Peter Chiarelli’s time with the Edmonton Oilers has gone down as one of the worst tenures by a general manager in recent memory.
He was hired in April of 2015 shortly after the Oilers had won the golden ticket at the draft lottery with the goal of building a successful team around Connor McDavid. With other talented young players such as Taylor Hall, Jordan Eberle, Ryan Nugent-Hopkins, Leon Draisaitl, Oscar Klefbom, and Darnell Nurse in the mix, Chiarelli had an excellent foundation to put together a perennial contender.
Unfortunately, things didn’t go as planned.
Chiarelli took the 2015-16 season to assess what he had with the Oilers and then started to put together a team in his image, moving Hall for Adam Larsson and signing Milan Lucic to a seven-year contract in free agency. The following season, the Oilers broke their decade-long playoff drought and beat the San Jose Sharks in the first round.
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While this appeared to be the beginning of a period of success for the Oilers, things quickly spiralled backwards. Chiarelli overpaying for underwhelming players and losing value in trades ultimately left the Oilers with a top-heavy roster that couldn’t score or defend.
The Oilers wound up missing out on the playoffs in 2017-18 and that showing proved not to be an anomaly as they started to fall out of contention in December of the 2018-19 season. The morning after a 3-2 loss to the Detroit Red Wings on January 22, 2019, the Oilers announced that Chiarelli had been fired…
Chiarelli’s tenure in Edmonton ultimately produced only one playoff appearance over the course of four seasons. He also left behind a very difficult situation to clean up, as his predecessor would have to navigate salary cap hell while piecing together a roster that was good enough to ensure no more years of Connor McDavid were wasted.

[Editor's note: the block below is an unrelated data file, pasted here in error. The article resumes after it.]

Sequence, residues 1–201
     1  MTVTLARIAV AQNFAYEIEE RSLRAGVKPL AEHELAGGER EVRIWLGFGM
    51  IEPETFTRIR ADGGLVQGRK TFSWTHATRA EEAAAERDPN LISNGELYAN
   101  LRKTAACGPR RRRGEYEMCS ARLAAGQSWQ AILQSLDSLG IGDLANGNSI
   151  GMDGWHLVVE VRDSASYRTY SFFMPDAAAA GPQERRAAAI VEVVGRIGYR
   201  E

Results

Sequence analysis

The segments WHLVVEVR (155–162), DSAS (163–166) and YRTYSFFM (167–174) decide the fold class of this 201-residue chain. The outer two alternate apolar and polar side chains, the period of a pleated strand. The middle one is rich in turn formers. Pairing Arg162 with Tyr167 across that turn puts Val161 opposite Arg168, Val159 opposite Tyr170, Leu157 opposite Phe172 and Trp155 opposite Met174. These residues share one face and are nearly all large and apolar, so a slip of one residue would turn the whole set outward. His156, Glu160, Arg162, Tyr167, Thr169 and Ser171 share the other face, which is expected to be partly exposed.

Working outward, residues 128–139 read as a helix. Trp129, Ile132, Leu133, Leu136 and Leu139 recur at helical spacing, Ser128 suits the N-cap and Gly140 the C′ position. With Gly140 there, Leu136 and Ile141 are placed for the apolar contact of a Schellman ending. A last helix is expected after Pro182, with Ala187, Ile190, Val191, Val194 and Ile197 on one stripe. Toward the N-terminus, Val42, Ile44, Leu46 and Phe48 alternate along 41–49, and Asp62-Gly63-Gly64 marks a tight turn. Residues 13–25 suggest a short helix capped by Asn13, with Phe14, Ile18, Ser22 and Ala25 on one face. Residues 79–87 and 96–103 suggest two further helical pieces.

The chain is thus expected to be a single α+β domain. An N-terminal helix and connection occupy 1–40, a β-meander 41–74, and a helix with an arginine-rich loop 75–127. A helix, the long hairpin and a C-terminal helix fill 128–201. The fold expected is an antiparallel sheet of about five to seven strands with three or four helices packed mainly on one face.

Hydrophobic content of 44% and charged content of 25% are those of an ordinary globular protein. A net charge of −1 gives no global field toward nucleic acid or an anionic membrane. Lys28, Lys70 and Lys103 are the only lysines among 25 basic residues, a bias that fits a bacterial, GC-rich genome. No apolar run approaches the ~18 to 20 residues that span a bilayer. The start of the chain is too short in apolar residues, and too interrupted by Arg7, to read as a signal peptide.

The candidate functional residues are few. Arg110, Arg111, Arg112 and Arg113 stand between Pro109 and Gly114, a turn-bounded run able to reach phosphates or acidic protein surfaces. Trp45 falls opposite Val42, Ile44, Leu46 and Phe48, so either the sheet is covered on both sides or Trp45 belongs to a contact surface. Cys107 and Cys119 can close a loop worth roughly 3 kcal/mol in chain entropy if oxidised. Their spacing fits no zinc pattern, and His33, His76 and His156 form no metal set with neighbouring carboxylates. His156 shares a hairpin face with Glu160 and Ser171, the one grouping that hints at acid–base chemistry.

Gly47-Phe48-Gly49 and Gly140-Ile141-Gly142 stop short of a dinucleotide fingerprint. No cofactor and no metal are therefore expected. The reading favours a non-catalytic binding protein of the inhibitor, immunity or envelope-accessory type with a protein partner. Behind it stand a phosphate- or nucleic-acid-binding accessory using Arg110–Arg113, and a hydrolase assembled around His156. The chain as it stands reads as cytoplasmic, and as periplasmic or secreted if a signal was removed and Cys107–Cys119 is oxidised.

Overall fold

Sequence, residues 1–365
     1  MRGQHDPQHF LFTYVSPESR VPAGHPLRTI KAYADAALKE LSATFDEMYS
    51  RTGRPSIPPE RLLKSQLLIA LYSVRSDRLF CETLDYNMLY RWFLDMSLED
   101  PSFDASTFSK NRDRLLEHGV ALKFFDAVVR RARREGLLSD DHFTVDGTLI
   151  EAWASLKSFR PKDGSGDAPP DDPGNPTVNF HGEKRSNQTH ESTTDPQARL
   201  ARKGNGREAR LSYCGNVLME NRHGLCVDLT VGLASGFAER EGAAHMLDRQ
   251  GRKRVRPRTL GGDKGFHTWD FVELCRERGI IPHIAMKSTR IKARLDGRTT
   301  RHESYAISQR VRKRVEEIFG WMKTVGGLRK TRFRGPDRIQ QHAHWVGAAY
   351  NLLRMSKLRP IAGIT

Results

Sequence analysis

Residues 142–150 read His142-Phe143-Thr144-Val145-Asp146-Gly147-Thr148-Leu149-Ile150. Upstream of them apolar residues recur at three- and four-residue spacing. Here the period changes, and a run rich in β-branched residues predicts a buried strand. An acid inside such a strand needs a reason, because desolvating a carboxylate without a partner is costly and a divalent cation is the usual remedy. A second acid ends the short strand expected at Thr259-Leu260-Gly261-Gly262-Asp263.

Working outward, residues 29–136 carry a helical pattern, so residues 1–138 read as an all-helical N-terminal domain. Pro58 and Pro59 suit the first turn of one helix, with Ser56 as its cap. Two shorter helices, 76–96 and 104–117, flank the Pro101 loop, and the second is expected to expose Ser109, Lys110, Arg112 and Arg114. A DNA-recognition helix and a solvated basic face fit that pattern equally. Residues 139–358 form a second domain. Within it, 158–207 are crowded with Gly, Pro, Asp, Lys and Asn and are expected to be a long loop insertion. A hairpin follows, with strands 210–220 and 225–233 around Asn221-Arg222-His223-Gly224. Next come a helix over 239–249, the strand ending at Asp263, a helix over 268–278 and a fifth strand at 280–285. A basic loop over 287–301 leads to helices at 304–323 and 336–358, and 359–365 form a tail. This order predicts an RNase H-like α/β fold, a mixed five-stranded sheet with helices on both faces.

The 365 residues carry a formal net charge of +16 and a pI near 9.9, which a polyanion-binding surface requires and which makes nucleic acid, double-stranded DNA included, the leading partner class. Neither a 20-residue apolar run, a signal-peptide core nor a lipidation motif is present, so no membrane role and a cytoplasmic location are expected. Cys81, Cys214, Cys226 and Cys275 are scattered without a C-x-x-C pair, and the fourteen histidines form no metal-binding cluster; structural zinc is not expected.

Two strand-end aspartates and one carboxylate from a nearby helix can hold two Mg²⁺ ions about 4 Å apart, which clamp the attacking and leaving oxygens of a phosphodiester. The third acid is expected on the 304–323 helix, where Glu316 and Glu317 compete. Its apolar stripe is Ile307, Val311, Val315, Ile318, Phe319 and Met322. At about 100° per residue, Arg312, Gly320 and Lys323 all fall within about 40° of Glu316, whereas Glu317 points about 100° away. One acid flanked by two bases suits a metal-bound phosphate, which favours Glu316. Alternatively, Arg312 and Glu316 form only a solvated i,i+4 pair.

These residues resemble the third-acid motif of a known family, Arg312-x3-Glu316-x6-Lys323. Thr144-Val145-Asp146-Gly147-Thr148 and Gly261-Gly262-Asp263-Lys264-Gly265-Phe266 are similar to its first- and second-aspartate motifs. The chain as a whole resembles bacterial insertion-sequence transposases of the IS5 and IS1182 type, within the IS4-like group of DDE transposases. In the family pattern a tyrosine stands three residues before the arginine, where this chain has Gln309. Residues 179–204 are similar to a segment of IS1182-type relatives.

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In the four seasons since Chiarelli was let go, the Oilers have made the playoffs three times and they appear to be on their way to a fourth appearance in a row. The otherworldly performances of Connor McDavid and Leon Draisaitl have been a huge part of that success, and Ken Holland also deserves credit for assembling a deeper and more well-balanced roster around them than they had previously.
But another name that deserves some credit for the team’s recent and current success, ironically, is Chiarelli. We talk mostly about his tenure in Edmonton in regard to the mess that he left behind, but the Holland era Oilers have benefitted quite a bit from prospects that were drafted by Chiarelli.
Below are Holland’s four Oilers rosters and the contributions of Chiarelli’s non-McDavid draft picks…
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The 2019-20 Oilers:

  • Kailer Yamamoto: 27 GP, 26 PTS, 17:23 ATOI. 
  • Ethan Bear: 71 GP, 21 PTS, 21:58 ATOI. 
  • Caleb Jones: 43 GP, 9 PTS, 14:08 ATOI. 
  • Tyler Benson: 7 GP, 1 PTS, 10:23 ATOI. 

The 2020-21 Oilers:

  • Jesse Puljujarvi: 55 GP, 25 PTS, 15:08 ATOI.
  • Kailer Yamamoto: 52 GP, 21 PTS, 16:22 ATOI. 
  • Ethan Bear: 43 GP, 8 PTS, 17:58 ATOI.
  • Evan Bouchard: 14 GP, 5 PTS, 14:50 ATOI.
  • Caleb Jones: 33 GP, 4 PTS, 13:36 ATOI.
  • Ryan McLeod: 10 GP, 1 PTS, 12:47 ATOI. 

The 2021-22 Oilers:

  • Evan Bouchard: 81 GP, 43 PTS, 19:48 ATOI.
  • Kailer Yamamoto: 81 GP, 41 PTS, 16:52 ATOI.